When Thomas More sketched out his vision in the sixteenth century of a sun-struck island idyll bobbing away merrily in the Atlantic swell, he ignited a centuries-long quest in dreamers and seekers across the world: the search for Utopia. Some took the sun as their guide, heading south in their pursuit of perfection; others, seduced by wild Romantic mists, followed the whale road north and landed on Scotland’s shores, waiting for paradise to emerge from the haar.
Of course, pursuing an illusion can be a thankless task – think of Edwin Muir, whose memories of an idyllic island childhood left him with one foot in Eden, an Orcadian Arcadia in sight but just out of reach. And for those trying to assemble it from scratch – well, Scotland is no glimmering mirage, the rain makes sure of that. Building a utopia on slate and granite requires tough grit and hard graft. Even when you think you’ve done it, one slight shift in the wind and down it all falls, cradle and all – and that’s if you manage to get your plans for wonderland off the ground in the first place.
In one particularly disastrous recent attempt, a group of strangers were left for a year on an estate in the western Highlands to build a self-sufficient community away from modern life and all its tools and technology. Visions of a primitivist utopia – helpfully signposted with all the subtlety of a bulldozer by the title of the social experiment, Eden – soon descended into chaos. Fires blazed, the community ruptured into warring tribes, and one faction left dozens of deer carcasses to fester in the valley while debating whether to starve weaker members out of the group. ‘I saw the darkness coming’, one participant later said, the hell-scape of the Ardnamurchan peninsula flickering behind her haunted eyes.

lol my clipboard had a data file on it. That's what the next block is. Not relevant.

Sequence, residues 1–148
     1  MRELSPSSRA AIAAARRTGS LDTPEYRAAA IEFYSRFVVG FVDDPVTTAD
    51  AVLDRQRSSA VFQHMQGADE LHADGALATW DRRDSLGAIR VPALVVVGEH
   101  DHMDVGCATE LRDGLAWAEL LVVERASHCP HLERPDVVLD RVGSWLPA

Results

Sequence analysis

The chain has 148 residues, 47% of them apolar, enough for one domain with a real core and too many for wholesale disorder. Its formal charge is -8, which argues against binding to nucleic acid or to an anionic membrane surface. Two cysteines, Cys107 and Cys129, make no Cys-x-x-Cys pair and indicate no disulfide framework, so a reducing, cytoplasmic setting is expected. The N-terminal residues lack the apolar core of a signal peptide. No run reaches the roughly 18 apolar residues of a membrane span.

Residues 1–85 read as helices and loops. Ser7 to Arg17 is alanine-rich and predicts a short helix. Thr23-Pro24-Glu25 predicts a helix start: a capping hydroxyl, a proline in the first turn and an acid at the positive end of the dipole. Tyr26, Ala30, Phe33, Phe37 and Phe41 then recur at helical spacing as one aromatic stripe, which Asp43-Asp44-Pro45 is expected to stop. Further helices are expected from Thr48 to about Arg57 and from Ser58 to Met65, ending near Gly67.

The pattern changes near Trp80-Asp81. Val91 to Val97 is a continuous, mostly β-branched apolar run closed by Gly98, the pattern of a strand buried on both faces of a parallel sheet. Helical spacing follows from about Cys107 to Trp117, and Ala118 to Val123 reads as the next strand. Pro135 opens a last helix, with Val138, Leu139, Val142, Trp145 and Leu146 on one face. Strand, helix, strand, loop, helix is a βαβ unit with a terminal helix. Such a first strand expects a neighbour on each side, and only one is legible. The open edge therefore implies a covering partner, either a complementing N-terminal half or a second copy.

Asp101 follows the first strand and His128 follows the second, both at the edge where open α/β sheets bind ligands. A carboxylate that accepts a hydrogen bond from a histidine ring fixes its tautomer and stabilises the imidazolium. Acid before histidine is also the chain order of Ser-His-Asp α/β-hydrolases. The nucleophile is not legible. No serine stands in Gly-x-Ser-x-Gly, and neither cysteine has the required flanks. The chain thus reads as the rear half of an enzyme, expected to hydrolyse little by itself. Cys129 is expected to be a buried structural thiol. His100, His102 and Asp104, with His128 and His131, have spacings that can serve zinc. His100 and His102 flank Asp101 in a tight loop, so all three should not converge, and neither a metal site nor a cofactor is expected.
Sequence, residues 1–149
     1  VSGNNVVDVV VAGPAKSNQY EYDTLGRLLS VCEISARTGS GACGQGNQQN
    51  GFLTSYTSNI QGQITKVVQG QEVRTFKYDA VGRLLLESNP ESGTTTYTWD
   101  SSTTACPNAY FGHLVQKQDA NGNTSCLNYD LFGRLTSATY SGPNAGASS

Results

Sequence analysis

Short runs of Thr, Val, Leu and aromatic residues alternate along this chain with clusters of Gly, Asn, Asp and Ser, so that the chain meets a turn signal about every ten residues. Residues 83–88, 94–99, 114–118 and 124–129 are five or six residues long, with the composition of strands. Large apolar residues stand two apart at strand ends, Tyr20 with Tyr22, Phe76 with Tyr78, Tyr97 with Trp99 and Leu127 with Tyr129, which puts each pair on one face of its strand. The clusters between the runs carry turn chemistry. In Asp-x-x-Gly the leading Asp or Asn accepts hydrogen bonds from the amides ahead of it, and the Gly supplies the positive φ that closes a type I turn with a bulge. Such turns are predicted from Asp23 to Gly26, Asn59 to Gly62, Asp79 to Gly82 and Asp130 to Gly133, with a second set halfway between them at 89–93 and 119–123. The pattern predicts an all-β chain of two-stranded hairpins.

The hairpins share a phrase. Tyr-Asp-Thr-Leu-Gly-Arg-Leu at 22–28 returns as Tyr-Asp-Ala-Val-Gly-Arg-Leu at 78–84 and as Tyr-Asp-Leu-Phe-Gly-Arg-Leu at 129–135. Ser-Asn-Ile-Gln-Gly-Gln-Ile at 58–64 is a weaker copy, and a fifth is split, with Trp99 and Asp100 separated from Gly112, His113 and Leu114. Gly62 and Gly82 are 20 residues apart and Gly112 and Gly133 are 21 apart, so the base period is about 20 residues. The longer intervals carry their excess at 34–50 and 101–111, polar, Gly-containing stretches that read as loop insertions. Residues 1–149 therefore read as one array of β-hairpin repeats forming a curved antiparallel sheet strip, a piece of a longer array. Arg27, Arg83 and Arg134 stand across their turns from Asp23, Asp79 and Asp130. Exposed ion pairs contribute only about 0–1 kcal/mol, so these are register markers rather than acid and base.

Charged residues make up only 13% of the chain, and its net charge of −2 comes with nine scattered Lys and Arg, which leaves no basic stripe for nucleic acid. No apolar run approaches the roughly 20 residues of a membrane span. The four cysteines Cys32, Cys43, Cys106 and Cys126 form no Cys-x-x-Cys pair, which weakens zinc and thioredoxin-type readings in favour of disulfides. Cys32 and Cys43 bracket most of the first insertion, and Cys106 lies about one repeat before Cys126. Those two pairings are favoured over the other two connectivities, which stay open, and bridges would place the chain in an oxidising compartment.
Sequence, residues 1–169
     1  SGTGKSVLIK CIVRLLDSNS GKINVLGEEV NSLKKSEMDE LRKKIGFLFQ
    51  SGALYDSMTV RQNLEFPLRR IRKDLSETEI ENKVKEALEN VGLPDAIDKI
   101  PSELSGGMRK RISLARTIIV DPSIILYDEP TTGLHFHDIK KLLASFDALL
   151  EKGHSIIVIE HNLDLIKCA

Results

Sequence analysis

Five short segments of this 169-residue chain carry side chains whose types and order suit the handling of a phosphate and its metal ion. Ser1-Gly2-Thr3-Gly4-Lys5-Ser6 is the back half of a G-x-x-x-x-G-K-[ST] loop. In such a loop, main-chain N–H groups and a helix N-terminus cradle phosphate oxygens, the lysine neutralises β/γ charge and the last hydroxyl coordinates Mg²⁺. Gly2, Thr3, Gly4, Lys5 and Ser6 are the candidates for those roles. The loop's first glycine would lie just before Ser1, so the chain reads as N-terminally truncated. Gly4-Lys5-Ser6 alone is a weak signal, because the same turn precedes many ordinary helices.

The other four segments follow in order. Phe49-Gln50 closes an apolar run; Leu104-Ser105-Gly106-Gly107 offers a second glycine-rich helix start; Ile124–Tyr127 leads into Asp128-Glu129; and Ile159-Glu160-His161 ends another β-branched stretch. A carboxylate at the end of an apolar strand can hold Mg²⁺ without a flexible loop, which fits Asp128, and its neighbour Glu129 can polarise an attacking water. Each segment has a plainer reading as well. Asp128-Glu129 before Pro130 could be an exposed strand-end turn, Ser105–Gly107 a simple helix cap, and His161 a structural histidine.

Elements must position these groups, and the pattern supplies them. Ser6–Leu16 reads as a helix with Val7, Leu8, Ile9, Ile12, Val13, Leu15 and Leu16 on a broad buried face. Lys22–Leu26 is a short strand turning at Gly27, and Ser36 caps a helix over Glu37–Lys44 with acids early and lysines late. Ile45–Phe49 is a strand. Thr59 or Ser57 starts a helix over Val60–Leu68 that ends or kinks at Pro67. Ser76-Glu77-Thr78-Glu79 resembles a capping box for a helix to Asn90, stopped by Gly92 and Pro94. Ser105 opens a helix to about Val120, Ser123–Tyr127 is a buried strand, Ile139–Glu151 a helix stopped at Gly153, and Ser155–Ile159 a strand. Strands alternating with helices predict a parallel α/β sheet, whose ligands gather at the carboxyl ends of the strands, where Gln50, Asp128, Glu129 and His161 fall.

The failure of the experiment – and many others like it – to account for humankind’s many different shades proved the point that Scottish Enlightenment thinker David Hume had made centuries earlier when, citing Plato’s Republic and More’s Utopia, he proclaimed that ‘All plans of government, which suppose great reformation in the manners of mankind, are plainly imaginary’. In other words, fictional utopias cannot exist in the real world without a total upheaval of human nature – the smoothing over of all our failures, society built on a blank slate devoid of conflict and complexity. Without boundlessly malleable inhabitants, Eden will fall, paradise will be lost, and back to reality we’ll go with a thump and a groan.
Luckily for us, fictional worlds are no stranger to The Bottle Imp – and if a better life is out there somewhere, who’s to say we shouldn’t try to find it? In this new issue, we unroll Scotland’s literary map and set off in search of Utopia.
Guiding us on our journey is Joseph S. Norman, who shoots into interstellar space to revisit the radical worlds of one of Scotland’s best-loved science-fiction writers in ‘Better to Create Your Own’: On the Legacy and Utopianism of Iain M. Banks’s Culture Series. Back on earth, Craig Lamont traverses Arcadia in the Lowlands in ‘Class’d with Tasso and Guarini’: Allan Ramsay’s The Gentle Shepherd, and Greg Thomas takes a wander through the city to explore expressions of urban utopianism in ‘I am Iron Bard’: Edwin Morgan, Concrete Poetry and the Glasgow High Rises. Nicole Pohl looks back to the eighteenth century to examine visions of social and educational reform in Lunarians and Reformers: Mary Hamilton’s Utopian Writings, while Kevin MacNeil casts an eye over the present to probe the problems of removing a place from reality in The Islands Are Not Lost, The Compass Is. Upon Another Point, Thomas Fox Averill takes us on a Burnsian pilgrimage in Myth and history: A story of ‘Ae Fond Kiss’ and other family mysteries, and, if you’re in search of more worlds to escape to, we have a fresh stack of book reviews, too.
All is for the best in this best of all possible issues!